The Obama administration has reportedly allowed US firms to do business worth billions of dollars with Iran and other countries that have been officially blacklisted.
US has allowed business with blacklisted countries: report
WASHINGTON // President Barack Obama’s administration has permitted US firms to do business worth billions of dollars with Iran and other countries that have been officially blacklisted, a report said on Friday.
Some 10,000 deals have been allowed under a loophole that permits humanitarian aid despite the sanctions, allowing US companies -- including food giants Kraft and Mars -- to get around economic blacklists for countries designated as state sponsors of terrorism, the New York Times said.
This year the international community, especially the Obama administration, has ramped up pressure on Tehran over its nuclear program, blacklisting even more Iranian individuals and firms under an extended economic embargo.
Yet according to the Times report, an office at the US Treasury Department has granted licenses via a 10-year-old law that exempts humanitarian aid, both agricultural and medical.
The broadly-written language of the loophole, opened wider by industry lobby groups in recent years, has seen the term "humanitarian aid" extended to companies exporting items as diverse as cigarettes, chewing gum, Louisiana hot sauce and body-building supplements.
In a three-year investigation involving a Freedom of Information lawsuit filed against the Treasury and its Office of Foreign Assets Control, the Times were given heavily redacted documents outlining the deals.
The office's director Adam Szubin defended its actions, telling the Times: "I haven't seen any licences that I thought we should have done differently."
Since the humanitarian aid law, a loophole passed in 2000, US exports to Iran have totaled more than $1.7 billion, according to the documents.
On the Wrigley's chewing gum, owned by food giant Mars, a former sanctions advisor told the Times: "We debated that one for a month. Was it food? Did it have nutritional value? We concluded it did."
But Hal Eren, who used to work at the Treasury licensing office, admitted to the Times: "We were probably rolled on that issue by outside forces," apparently referring to industry lobbyists.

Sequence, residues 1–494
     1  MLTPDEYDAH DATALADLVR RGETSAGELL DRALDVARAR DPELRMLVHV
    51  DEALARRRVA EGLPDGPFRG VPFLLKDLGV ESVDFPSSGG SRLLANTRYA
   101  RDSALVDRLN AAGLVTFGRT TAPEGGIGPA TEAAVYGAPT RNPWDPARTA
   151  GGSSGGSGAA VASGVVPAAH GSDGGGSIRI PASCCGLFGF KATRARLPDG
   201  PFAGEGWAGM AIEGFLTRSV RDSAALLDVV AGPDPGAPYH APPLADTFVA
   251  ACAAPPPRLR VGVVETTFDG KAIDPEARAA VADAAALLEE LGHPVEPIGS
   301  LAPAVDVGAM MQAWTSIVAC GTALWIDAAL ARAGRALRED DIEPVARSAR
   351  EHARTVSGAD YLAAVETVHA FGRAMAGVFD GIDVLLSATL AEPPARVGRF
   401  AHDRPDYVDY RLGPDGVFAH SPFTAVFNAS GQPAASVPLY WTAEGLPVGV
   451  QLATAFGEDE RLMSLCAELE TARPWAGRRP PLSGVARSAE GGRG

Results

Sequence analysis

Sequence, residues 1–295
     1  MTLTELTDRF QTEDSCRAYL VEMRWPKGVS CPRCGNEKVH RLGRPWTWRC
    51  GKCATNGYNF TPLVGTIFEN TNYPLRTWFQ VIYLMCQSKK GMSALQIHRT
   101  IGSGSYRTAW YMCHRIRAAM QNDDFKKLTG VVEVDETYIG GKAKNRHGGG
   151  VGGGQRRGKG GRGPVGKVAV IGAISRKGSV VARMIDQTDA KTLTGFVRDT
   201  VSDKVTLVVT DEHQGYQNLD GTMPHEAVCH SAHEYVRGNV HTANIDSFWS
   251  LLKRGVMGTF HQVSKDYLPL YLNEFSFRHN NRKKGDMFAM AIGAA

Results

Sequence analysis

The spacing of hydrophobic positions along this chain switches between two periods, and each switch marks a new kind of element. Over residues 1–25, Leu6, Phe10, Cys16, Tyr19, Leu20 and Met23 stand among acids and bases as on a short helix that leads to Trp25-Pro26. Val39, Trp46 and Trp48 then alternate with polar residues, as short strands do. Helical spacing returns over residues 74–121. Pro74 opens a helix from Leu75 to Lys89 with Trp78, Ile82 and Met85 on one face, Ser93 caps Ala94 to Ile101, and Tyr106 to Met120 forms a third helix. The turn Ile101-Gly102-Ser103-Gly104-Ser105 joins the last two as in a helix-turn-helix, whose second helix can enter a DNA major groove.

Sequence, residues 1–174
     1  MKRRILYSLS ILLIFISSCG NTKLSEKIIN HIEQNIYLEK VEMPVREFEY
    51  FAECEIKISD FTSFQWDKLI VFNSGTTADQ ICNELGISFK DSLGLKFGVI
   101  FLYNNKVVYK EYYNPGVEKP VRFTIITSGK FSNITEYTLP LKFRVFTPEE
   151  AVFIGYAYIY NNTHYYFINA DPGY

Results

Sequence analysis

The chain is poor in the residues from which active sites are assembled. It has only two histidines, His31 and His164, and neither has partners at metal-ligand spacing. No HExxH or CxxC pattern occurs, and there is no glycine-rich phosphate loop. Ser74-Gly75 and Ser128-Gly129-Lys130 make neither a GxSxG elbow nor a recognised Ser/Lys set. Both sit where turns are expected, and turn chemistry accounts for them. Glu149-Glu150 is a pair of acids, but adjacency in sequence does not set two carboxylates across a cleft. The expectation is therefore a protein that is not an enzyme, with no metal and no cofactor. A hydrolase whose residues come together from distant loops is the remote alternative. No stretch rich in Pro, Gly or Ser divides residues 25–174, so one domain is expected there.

The newspaper detailed another incident in which a Hawaii businessman sought to import 200 graphite electrodes for a medical waste treatment plant from a Chinese firm penalized for providing missile technology to Pakistan and Iran.
Two days after the order was placed in July 2003 the administration of former president George W. Bush barred US citizens from doing business with the company, and the electrodes were seized by customs authorities in November.
But while the goods were still at sea the businessman had made a political donation of $2,000 to US Senator Dan Inouye of Hawaii, who intervened on his behalf.
A permit was issued in December as a "medical and humanitarian" exception.
A spokesman for the senator told the Times the contribution had "no impact whatsoever" on the senator's actions, which were motivated by public health concerns as medical waste was piling up at the facility.
The Times report found that other licenses were granted to firms operating in blacklisted countries such as Cuba and Sudan.
Jolly Time popcorn, sold through the American Pop Corn Company to both Sudan and Iran, was likewise counted as humanitarian aid.
The firm's export manager Henry Lapidos described the designation as "pushing the envelope."
But then he asked: "What's the harm?" adding that he didn't think Iranian soldiers "would be taking microwavable popcorn" to war.